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As a solo, I struggled… LAWCLERK has allowed me to have great quality work done on short notice with no need to hire an associate!
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Frequently Asked Questions
At LAWCLERK, our freelance attorneys (we call them "Lawclerks") work in a paraprofessional capacity under the supervision of the attorney posting and assigning the work. In furtherance of our commitment to ethical compliance, we provide the following guidelines:
- The hiring attorney shall have sole professional responsibility for the work product of the Lawclerk.
- The hiring attorney will supervise the Lawclerk’s performance of services on the assigned project to ensure compliance with the applicable Rules of Professional Conduct.
- The hiring attorney will establish and maintain the relationship with his or her client.
- The Lawclerk shall have no contact with the hiring attorney’s client, including without limitation no email, telephone, skype, web, social media, or in-person contact.
- The Lawclerk shall not appear in court or any other judicial or administrative body on behalf of the hiring attorney’s client.
- The Lawclerk shall not serve or otherwise disseminate their work product or any other documents to anyone other than the hiring attorney.
- The Lawclerk shall not sign or file any documents with any court or administrative body in connection with a project.
- The Lawclerk shall have no contact with opposing counsel, witnesses, or other persons potentially involved in the project for which the Lawclerk has been engaged, including without limitation no email, telephone, skype, web, social media, or in-person contact.
- The hiring attorney shall have sole responsibility for determining the fee charged to his or her client for legal services. The Lawclerk shall not have any involvement in determining the fee charged to the posting attorney’s client for the Lawclerk’s services.
The Skill and Experience of Lawyers Looking to Freelance Will Amaze You!
You may be wondering what lawyer wants to freelance. Let us share some astonishing facts with you that hopefully will resonate as you think about your colleagues over the years. 57% of lawyers in private practice stop practicing within five years.
These are attorneys that went to law school, passed the bar, possibly had a state or federal clerkship, and then worked for a firm or the government for years.
You have so many brilliant colleagues that were excellent attorneys but found being a firm or government lawyer incompatible with also being a parent and ultimately left the practice of law. These talented men and women are rejoining the legal force as freelance attorneys because they can work when their kids are at school, nights, and weekends, without the commitment of full-time employment.
Here is another staggering statistic, at the 250 largest law firms, there is less than a 30% chance of making partner. This is often called the “big law up or out” system. These highly skilled lawyers without the necessary million-dollar book of business to become partner are leaving big law and many are hanging their own shingle and freelancing as they build their firms or developing freelance careers as they are keenly appreciative of its flexibility after big firm burnout.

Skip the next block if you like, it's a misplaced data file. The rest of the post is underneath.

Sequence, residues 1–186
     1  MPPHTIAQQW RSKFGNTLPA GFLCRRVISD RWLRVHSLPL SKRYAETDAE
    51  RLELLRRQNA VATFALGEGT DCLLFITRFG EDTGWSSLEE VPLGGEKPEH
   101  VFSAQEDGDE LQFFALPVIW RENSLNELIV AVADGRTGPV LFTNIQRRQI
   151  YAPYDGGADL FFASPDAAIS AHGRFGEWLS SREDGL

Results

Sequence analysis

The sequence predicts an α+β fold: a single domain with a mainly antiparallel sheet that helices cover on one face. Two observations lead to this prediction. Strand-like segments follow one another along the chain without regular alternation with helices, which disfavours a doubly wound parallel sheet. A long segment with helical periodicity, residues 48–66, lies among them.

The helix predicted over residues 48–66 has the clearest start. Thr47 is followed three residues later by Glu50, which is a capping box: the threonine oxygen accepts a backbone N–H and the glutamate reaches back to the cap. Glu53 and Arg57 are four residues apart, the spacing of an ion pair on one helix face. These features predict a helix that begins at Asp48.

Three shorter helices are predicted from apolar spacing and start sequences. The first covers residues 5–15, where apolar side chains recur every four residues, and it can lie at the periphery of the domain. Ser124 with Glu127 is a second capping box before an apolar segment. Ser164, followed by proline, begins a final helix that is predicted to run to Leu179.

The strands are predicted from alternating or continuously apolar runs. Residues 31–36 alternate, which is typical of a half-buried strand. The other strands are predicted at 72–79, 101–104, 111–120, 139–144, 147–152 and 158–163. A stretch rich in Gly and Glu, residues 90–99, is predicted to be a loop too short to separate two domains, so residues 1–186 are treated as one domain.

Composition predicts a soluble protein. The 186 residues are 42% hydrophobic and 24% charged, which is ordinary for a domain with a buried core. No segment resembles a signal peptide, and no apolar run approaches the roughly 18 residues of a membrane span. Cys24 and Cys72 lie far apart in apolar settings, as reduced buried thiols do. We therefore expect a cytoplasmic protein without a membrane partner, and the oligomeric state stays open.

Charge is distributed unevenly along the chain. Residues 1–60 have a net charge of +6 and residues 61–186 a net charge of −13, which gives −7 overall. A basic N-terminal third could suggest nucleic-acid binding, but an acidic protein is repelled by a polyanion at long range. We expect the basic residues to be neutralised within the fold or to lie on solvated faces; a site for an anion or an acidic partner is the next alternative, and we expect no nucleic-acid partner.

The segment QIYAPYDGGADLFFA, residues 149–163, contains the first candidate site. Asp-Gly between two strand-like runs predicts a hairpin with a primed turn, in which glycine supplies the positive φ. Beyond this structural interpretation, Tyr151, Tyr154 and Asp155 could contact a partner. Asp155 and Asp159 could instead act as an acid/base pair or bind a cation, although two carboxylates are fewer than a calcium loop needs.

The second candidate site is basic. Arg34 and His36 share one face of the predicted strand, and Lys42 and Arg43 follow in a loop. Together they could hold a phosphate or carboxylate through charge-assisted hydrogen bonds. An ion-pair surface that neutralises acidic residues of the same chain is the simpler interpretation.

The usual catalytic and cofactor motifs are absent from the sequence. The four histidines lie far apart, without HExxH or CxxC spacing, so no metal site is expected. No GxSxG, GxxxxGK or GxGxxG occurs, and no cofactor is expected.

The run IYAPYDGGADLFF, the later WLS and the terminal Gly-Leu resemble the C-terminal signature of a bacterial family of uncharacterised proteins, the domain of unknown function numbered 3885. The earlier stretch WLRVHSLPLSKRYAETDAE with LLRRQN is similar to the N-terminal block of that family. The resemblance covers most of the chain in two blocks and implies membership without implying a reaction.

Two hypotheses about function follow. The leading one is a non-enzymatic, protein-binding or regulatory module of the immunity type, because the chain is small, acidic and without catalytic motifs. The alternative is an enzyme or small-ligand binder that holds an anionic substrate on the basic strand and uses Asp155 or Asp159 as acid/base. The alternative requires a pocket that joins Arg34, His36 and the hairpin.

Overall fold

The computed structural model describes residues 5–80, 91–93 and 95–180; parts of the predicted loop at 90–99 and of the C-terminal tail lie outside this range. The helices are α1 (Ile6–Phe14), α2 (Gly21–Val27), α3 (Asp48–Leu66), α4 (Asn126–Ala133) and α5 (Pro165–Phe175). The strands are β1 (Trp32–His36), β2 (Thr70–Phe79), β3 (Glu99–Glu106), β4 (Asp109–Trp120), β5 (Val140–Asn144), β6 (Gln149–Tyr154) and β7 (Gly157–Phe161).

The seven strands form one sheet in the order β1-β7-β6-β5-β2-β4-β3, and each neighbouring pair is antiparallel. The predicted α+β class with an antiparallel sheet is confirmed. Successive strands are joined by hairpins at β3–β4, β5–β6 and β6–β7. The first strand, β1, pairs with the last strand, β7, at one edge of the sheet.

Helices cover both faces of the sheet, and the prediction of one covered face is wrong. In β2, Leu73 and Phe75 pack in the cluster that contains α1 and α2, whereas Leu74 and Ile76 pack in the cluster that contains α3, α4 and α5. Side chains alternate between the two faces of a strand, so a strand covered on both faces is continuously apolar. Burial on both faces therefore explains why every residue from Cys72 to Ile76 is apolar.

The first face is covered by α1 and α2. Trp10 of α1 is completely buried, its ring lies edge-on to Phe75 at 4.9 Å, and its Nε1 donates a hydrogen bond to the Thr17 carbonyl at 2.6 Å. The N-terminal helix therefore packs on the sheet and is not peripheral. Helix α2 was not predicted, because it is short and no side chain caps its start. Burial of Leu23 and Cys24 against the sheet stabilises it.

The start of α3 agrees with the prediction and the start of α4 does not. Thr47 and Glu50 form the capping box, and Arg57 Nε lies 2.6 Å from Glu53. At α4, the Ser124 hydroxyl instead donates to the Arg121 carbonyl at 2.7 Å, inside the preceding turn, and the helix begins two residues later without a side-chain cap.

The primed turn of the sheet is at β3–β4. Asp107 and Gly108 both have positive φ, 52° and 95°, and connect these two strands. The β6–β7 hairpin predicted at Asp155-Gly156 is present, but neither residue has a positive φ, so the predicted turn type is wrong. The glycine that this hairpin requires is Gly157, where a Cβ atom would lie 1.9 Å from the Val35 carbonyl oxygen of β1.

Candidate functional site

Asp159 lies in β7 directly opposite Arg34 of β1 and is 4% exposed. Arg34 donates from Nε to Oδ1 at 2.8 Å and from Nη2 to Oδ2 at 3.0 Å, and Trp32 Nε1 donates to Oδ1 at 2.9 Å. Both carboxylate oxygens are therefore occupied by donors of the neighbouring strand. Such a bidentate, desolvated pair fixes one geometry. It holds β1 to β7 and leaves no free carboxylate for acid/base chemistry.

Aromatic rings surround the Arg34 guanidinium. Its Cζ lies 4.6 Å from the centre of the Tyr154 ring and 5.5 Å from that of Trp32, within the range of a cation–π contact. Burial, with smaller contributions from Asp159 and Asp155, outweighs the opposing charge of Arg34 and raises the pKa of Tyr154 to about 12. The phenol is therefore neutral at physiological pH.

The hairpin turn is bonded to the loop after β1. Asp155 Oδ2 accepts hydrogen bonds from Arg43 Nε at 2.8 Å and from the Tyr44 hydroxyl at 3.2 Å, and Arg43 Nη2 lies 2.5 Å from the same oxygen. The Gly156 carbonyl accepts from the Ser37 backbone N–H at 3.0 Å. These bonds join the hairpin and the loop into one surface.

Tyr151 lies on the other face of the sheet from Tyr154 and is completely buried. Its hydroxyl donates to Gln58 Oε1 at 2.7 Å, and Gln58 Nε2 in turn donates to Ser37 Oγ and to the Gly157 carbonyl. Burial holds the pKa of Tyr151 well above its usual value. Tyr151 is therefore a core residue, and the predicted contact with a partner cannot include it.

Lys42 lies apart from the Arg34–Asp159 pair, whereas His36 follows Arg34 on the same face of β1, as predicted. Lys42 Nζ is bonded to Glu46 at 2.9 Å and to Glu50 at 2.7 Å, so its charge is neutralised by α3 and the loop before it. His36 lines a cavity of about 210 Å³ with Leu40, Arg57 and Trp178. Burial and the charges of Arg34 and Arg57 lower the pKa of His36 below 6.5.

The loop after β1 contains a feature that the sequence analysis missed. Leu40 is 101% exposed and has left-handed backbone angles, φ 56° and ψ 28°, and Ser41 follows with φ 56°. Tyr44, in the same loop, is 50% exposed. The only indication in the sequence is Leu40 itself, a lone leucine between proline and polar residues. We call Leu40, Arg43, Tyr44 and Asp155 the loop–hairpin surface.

This may shock you, but millennials are now 25 to 39 years old. While a remarkable over generalization, this is an entire generation of attorneys, many with more than a decade of legal experience, that are more concerned with work life balance than previous generations. Many of these talented lawyers are building freelance businesses for themselves so that they have total flexibility in their schedules, the ability to work and travel, and ultimate control over the type of work they do and their workload.
A new trend is also developing with retired lawyers choosing to freelance. Whether motivated by the need to “stay in the game,” a love for the law, or financial considerations, attorneys with decades of experience are offering their sage advice on a freelance basis.
There are many other life circumstances that are conducive to freelancing. Military spouses, for instance, are well-suited for a freelance career as they must frequently move. Attorneys that have opened their own practices and are working on developing their book of business often supplement their income by freelancing. And law school professors make additional money during their summers off.
The “gig economy” has reached legal and the number of highly-skilled lawyers looking to work on a freelance basis is exponentially increasing as they realize they can put their education and training to work in a way that is conducive to their families and lives.
Hear directly from our Lawclerks:
Of course! You're more than welcome to sign-up as both a hiring attorney and a Lawclerk.
LAWCLERK was designed by attorneys who understand the ebbs and flows of private practice. Sign-up as a posting attorney when you need an extra set of hands and as a Lawclerk when you need a little extra income.
For your protection, LAWCLERK uses a third-party provider, Braintree Payments (a PayPal service), to handle all payment processing. No credit card or bank account information is stored by LAWCLERK.
When you register, you will be prompted to provide a credit card, which is how you will pay for any work you assign through LAWCLERK. Please note that your credit card is only charged the flat fee you have set when you select a Lawclerk to complete your project. There is no charge to post a project.
Once a Lawclerk is assigned to your project and your credit card is charged, Braintree Payments (operated by PayPal), will hold the flat fee project price in escrow until your project is successfully completed. Once you have approved the final work from the Lawclerk, payment is tendered by Braintree Payments to the Lawclerk